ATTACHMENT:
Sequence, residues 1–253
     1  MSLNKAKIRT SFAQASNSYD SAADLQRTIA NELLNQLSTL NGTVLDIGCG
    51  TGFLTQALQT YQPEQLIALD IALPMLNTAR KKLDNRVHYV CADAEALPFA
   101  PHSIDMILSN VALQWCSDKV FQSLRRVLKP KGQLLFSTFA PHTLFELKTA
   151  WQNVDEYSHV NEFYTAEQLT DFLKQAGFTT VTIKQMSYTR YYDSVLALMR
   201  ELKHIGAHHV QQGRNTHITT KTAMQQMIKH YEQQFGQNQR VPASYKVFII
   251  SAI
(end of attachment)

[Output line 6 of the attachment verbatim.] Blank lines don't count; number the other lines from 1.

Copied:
   201  ELKHIGAHHV QQGRNTHITT KTAMQQMIKH YEQQFGQNQR VPASYKVFII